Monday morning saw Treasurys under pressure again with the long-end leading, as bear steepening took hold concurrent with a selloff in core EGBs ahead of this week’s ECB meeting and on the heels of better-than-expected data out of the UK.
Yields were higher across the curve, with the 2s10s and 5s30s both steeper. We’ll see if it lasts.
This comes after a sideways Friday and a Thursday session which featured one of the most acute bond selloffs in years.
Wall Street is broadly bullish, although Goldman still sees 10-year yields rising around 20bp by the end of 2019.
With the duration infatuation having become so firmly entrenched, any reversal of fortunes is bound to have an impact across assets, even if any turning of the proverbial tide turns out to be short-lived.
Nomura’s Charlie McElligott notes that “a further extension of [any] bearish Rates / USTs price-action [would] be felt within the US Equities complex, because the current consensus / ‘Momentum’ positioning construct is a pure reflection of the ‘Duration Trade'”, where that means long secular Growth and Min. Vol., against short Cyclicals. This has come up time and again over the last several months – Marko Kolanovic talked about a few notes back.
So, if you were positioned for a continuation of the trend lower in yields, you experienced a “performance bleed” late last week.
“This is why US Equities ‘1Y Price Momentum’ factor has seen such a powerful burst of ‘shock-down’, -6.6% over the last week and a half after having ‘glided’ to what is still a +15.9% return YTD on account of consensual investor ‘buy-in’ to the ‘Slow-flation’ —> ‘Dovish Fed’ trade”, Charlie writes, employing his signature parlance.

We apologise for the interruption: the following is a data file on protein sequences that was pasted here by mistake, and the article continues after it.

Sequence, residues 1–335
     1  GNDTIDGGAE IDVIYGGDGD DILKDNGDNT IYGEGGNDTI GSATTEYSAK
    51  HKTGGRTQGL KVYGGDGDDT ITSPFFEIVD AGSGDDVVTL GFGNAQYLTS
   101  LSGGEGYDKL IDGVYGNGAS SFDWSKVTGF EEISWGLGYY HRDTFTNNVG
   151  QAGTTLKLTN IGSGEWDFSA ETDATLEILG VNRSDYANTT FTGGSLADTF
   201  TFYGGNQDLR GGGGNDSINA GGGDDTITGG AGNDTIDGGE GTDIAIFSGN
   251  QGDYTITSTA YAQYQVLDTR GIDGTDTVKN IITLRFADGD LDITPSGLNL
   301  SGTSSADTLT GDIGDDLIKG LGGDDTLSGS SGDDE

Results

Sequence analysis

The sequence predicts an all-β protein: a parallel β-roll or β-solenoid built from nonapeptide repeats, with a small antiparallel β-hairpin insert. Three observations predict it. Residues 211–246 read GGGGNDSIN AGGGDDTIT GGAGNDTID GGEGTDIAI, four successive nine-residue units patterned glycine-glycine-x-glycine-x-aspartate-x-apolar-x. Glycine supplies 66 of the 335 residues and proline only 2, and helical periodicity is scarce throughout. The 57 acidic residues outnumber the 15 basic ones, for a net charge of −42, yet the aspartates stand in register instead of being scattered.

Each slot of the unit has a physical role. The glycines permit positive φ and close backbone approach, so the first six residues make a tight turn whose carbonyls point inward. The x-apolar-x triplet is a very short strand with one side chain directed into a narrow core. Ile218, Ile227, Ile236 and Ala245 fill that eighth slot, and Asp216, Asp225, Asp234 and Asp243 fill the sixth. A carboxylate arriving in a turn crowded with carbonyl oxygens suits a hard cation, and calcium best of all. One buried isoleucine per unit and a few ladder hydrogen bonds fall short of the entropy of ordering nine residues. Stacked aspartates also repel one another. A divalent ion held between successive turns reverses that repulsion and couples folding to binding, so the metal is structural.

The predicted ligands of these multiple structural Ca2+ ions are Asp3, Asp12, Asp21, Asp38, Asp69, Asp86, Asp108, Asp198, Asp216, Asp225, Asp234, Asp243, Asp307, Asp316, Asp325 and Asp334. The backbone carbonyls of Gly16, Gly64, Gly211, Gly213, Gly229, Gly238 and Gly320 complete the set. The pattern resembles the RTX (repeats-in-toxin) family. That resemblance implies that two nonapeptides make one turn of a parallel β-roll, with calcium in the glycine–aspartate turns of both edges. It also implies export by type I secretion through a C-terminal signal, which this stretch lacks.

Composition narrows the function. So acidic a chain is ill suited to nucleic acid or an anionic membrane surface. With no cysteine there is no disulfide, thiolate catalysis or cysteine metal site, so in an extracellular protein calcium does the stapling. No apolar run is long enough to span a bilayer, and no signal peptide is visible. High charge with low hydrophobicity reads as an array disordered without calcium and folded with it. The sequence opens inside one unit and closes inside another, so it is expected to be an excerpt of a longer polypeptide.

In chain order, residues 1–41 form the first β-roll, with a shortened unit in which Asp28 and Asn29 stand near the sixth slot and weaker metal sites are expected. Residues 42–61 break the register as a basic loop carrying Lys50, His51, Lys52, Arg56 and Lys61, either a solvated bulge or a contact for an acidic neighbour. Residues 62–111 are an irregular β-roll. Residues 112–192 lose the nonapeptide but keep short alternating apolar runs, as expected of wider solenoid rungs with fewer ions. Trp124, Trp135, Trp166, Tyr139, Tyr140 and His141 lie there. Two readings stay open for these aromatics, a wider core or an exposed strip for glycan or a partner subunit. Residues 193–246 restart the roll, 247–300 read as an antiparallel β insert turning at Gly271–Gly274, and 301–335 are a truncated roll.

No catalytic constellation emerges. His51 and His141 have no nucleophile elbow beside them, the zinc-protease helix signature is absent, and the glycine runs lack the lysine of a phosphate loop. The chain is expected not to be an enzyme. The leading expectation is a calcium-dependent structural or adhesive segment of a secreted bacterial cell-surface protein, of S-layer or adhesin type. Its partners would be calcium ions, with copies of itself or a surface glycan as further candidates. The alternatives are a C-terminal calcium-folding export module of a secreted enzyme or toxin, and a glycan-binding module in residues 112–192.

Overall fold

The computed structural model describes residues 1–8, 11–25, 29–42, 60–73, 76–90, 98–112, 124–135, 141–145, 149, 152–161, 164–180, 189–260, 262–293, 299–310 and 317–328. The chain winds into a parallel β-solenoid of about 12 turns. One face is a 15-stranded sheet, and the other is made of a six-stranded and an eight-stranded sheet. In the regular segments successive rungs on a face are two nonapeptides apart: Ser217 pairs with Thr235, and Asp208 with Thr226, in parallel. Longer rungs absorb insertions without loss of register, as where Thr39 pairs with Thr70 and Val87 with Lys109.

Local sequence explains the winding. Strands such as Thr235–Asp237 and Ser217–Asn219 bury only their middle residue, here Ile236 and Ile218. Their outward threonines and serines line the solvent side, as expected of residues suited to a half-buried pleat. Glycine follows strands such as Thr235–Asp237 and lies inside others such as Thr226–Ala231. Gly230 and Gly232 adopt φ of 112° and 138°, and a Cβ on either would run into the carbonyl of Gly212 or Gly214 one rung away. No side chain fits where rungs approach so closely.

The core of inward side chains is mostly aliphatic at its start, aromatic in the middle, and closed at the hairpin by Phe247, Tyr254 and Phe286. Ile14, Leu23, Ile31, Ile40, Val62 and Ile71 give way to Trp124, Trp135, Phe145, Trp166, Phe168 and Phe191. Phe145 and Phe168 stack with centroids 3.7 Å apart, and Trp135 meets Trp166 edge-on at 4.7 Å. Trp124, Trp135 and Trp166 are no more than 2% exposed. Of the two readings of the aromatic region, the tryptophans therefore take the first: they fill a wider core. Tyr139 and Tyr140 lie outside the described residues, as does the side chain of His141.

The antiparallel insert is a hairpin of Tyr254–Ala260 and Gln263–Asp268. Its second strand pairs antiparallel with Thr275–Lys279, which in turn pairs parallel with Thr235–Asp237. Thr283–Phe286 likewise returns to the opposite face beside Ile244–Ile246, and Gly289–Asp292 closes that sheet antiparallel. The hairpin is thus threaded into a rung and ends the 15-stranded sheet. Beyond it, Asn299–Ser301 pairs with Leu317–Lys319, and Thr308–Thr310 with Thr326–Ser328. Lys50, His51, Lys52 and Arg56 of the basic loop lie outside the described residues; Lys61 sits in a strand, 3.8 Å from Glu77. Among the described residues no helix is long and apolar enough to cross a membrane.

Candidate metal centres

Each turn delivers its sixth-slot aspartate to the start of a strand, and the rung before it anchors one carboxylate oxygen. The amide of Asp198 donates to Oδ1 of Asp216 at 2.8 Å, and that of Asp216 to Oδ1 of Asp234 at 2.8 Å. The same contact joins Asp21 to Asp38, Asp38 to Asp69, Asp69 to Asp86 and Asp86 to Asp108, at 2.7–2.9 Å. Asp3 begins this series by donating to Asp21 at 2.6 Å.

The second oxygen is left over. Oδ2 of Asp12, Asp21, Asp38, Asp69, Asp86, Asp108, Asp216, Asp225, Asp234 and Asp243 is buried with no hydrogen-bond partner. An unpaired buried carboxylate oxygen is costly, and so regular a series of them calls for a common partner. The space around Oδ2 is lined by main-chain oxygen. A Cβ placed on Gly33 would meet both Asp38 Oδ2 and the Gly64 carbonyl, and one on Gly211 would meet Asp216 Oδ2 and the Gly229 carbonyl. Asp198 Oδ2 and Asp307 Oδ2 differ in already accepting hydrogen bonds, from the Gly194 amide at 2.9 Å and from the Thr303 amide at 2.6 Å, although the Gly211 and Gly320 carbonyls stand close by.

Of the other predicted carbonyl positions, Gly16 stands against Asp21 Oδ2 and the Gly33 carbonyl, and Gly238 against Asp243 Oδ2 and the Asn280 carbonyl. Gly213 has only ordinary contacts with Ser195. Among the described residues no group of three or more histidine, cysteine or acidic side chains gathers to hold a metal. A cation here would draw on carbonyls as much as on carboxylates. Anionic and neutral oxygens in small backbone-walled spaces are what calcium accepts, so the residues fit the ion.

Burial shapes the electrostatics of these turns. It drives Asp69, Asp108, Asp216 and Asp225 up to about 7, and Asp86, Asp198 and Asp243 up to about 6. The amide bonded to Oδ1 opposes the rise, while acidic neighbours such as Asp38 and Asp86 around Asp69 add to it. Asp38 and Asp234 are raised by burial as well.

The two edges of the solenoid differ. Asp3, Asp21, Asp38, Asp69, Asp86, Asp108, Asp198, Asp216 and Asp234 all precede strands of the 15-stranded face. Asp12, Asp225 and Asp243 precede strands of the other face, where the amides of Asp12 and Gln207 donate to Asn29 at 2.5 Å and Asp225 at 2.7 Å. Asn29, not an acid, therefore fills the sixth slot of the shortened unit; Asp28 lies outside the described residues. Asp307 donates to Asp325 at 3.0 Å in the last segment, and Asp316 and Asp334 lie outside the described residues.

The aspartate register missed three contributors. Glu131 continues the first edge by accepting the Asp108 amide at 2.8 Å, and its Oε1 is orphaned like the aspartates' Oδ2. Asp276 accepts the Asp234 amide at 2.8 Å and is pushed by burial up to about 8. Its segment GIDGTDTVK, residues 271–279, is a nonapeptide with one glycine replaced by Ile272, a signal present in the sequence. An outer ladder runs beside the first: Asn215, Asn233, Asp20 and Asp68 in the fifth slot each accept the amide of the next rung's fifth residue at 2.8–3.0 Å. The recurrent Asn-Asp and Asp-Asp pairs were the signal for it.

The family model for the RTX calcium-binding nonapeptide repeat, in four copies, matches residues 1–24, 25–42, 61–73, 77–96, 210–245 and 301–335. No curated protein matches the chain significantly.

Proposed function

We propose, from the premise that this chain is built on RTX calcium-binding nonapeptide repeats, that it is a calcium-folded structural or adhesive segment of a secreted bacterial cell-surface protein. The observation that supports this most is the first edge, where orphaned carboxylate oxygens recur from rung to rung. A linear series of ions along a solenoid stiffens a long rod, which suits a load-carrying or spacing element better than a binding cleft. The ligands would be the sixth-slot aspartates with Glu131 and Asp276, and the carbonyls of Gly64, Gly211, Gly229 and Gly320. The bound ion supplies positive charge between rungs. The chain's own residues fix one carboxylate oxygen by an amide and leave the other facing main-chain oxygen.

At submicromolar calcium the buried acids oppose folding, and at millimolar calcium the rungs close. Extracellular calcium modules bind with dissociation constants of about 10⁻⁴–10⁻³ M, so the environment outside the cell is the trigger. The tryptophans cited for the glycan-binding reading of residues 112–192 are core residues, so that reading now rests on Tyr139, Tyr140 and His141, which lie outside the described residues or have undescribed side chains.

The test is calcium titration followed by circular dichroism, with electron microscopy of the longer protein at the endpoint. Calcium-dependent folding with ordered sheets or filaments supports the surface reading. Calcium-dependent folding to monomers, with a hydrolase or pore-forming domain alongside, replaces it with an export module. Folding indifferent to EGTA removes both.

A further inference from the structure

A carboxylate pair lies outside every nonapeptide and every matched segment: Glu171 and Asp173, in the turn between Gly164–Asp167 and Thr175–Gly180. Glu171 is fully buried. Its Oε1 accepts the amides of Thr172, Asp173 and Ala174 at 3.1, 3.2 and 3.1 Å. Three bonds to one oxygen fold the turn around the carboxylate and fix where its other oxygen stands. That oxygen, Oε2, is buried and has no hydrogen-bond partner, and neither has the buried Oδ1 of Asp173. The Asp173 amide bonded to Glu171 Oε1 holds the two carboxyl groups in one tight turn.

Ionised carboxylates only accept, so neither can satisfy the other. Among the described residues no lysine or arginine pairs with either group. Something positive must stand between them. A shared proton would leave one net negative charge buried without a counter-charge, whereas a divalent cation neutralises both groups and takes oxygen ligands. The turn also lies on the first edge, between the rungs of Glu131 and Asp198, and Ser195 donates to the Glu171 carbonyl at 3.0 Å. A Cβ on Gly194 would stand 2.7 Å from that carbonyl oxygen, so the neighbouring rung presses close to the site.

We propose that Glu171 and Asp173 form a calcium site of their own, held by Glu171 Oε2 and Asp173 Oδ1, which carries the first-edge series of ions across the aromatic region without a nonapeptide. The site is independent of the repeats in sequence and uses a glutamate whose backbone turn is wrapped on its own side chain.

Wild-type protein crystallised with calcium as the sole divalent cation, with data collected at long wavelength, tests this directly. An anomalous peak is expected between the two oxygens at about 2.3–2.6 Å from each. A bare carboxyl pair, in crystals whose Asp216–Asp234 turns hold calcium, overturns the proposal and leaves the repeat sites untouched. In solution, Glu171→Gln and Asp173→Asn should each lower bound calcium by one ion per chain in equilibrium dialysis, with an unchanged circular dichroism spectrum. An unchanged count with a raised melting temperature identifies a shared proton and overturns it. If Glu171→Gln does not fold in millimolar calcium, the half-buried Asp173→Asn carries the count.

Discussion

McElligott has a “Pain Trade” index, defined/constructed as follows:
The simple ratio of a “Value” factor proxy (e.g. EBITDA / EV) versus “Momentum”—as “Value” is positively correlated with UST Yield Curve “bear-steepening,” while “Momentum” is inversely correlated to the steepening / US Rates selloff.
He goes on to note that the same factors driving the selloff in duration have catalyzed a better than 16% return in the ‘Pain Trade’ over the past week and a half. More than 9% of that has come in the last three sessions alone.
Long story short (and there’s a market pun in there somewhere), that’s Momentum longs/Value shorts getting caught wrong-footed, McElligott writes.
He goes on to say that this has been “doubly frustrating for many investors” to the extent they got the overall index directional trade correct, “but just as hedge funds slashed net exposure again and/or pressed Futures ‘shorts’ [while] vol. got destroyed Friday [meaning] peoples’ hedges didn’t offset these losses either”.
He also calls late selling on Friday in some crowded longs (e.g., Tech) “notable”. “[It] looked like we were beginning to see some of that hedge fund ‘Gross-Down’ flow, and ‘longs’ were finally being reduced alongside ‘shorts’ being violently covered over the prior sessions”, he remarks.
Still, Charlie’s overall, near-term outlook remains largely the same – namely that a series of flow catalysts drives equities higher into mid-month, at which point stocks come up against the possibility of central bank disappointments just as those flow catalysts disappear into the late summer haze.